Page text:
While a growing number of nonprofits simply ask travelers to use discretion and judgment in booking reasonably priced accommodations, others continue to use per diem rates. If you’ve been part of the wave of people traveling for pleasure and business after three years of staying close to home, you’ve probably noticed that travel costs are much higher this year. According to NerdWallet, “…the overall cost of travel is up 16% compared with May 2019…” although airfare ticked downward in 2023 after hitting record levels in mid-2022.

One of my colleagues in the insurance industry told me his company has increased per diem amounts for all travel categories across the board, and has set separate per diem rates for each meal of the day and by type of location. The company’s policies don’t have city-specific rates, but rates are higher for major metropolitan areas. The Federal government’s FY 2023 per diem rate for lodging is incredibly low at $98, but 316 non-standard areas in the US have higher per diem rates. And the Federal Travel Regulation allows for actual reimbursement when the per diem rate is insufficient.

Another colleague, who leads operations for an international nonprofit, told me her organization has changed its travel policies to permit staff to book refundable fares and provide a per diem of 100% of meals and incidentals expense, instead of the prior practice of providing 50 or 75%. She added that the nonprofit is now more generous in covering airplane seat upgrades, day rooms for long layovers, and contributing to lounge memberships.

Tip: If you have chosen the dollar limit or per diem route, consider whether you’re requiring travelers to spend endless hours (time = money) finding safe, suitable accommodations instead of focusing their attention on your mission and their critical work tasks.

Ask, Don’t Assume, That Staff Are Available to Travel

One senior nonprofit leader I interviewed for this article told me that “A trend we’re seeing is an overall decrease in some employees’ desire to travel for work, or for as long or often.” If you’re a member of the Gen X or Baby Boomer generation, you may recall a time when you were told, not asked, about an upcoming business trip. And that was long before business travel expectations were added to position descriptions!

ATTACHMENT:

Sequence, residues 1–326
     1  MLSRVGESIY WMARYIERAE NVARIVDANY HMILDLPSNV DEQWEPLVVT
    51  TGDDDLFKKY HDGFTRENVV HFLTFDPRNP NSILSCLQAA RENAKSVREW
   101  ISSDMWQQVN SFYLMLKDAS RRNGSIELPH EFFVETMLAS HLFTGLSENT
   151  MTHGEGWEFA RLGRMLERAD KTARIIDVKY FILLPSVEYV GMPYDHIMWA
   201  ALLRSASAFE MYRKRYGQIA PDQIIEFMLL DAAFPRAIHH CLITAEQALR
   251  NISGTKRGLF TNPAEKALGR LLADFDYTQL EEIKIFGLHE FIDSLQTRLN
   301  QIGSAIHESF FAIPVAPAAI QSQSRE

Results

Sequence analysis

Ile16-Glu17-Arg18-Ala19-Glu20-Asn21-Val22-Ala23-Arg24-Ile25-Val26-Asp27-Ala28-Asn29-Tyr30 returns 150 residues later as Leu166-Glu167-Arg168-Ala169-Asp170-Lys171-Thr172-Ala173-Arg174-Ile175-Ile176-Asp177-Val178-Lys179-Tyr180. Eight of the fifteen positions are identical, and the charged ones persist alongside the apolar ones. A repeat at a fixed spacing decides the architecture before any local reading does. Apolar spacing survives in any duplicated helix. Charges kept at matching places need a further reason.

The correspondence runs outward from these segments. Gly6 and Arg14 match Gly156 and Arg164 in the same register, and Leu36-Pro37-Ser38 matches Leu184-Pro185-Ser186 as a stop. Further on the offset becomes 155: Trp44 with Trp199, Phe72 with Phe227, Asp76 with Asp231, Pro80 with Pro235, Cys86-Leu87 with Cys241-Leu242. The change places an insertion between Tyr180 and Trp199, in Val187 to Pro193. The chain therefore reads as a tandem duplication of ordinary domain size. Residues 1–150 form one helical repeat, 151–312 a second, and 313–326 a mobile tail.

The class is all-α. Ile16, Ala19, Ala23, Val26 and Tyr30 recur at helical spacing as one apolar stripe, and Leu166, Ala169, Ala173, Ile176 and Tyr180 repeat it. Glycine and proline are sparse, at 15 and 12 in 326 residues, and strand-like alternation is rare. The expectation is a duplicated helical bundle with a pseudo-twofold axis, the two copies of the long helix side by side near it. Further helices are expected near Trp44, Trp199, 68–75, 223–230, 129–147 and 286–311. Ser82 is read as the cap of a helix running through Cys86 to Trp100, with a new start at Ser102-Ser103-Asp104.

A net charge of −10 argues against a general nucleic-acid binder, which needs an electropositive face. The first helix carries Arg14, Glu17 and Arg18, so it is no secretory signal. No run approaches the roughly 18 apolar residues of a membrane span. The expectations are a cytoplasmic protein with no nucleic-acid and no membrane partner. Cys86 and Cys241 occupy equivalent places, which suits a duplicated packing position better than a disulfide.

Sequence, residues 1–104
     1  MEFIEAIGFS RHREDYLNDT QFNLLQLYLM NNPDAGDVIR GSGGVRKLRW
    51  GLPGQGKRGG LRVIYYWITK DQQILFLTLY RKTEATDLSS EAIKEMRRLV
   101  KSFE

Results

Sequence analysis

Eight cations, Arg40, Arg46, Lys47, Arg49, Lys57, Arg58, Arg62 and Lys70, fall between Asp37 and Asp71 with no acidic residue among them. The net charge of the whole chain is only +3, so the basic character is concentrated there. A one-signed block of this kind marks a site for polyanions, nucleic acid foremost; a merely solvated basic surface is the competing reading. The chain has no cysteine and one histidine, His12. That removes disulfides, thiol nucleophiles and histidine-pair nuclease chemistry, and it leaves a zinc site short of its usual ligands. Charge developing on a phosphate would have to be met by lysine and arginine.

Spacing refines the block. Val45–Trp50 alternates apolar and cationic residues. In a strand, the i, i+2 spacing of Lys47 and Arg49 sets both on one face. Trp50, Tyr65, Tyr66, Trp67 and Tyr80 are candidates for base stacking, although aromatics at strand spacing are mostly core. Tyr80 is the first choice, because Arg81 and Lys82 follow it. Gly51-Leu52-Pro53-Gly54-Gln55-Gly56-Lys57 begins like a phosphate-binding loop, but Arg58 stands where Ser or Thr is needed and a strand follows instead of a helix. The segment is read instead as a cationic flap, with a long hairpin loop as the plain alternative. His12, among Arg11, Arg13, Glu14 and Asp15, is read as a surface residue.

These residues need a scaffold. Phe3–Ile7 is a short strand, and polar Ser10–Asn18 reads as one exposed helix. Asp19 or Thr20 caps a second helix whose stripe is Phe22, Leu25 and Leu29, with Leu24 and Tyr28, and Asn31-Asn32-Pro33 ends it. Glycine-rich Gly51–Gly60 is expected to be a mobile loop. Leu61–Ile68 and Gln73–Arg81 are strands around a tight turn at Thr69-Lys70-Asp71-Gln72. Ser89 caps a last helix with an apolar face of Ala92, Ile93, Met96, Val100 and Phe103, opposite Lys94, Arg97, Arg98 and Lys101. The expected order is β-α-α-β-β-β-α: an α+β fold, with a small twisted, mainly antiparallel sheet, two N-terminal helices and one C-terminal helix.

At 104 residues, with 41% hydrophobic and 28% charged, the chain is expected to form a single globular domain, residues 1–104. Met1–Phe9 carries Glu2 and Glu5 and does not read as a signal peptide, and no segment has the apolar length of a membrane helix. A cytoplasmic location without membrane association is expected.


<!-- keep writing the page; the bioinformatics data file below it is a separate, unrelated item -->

Keep in mind that a staff member’s availability and interest in travel will likely change during the course of their employment at your nonprofit. Following an intense period of caring for an elderly parent or after the kids have finally left the nest, a team member may be eager to resume travel. Check in with team members regularly to inquire about availability to travel; don’t assume the employee’s preference last year remains true today.

Tip: If a high-performing employee tells you they are unable to travel outside the area, refrain from questions that simply satisfy your curiosity about why. Accept the employee at their word, encourage them to reach out if that preference changes, and ask if it would be ok to revisit the topic in a year’s time.

You Can’t Go Back: Recognize the Staying Power of Remote Work

Heather Chadwick shared that Teach For America’s business travel practices have changed significantly in recent years, but while business travel has increased some, she doesn’t expect it will ever return to pre-pandemic levels. She adds, “We continue to balance budget constraints with org-wide needs and we recognize the impact that in-person work can have so we are trying to be intentional about when in-person work happens.”

Tip: Convene your team to talk about remote versus in-person meetings. What circumstances truly warrant the inconvenience and cost associated with business travel? At NRMC we believe site visits for Risk Assessments are very helpful when the mission of the nonprofit includes delivering diverse programs from multiple facilities. If a client’s team mostly works remotely, we conduct the entire Risk Assessment without ever getting on an airplane or on the road.

Be Proactive: Just Because It Hasn’t Happened Doesn’t Mean It Can’t or Won’t

A senior risk leader from an international nonprofit told me that “From supervision, and housing policies and protocols, to insurance coverage (travel-related, medical, repatriation, etc.), travel crisis communications plans, medical/health considerations/assessment, to general travel safety provisions, we take proactive steps to help ensure the health and safety of everyone who travels under our auspices.”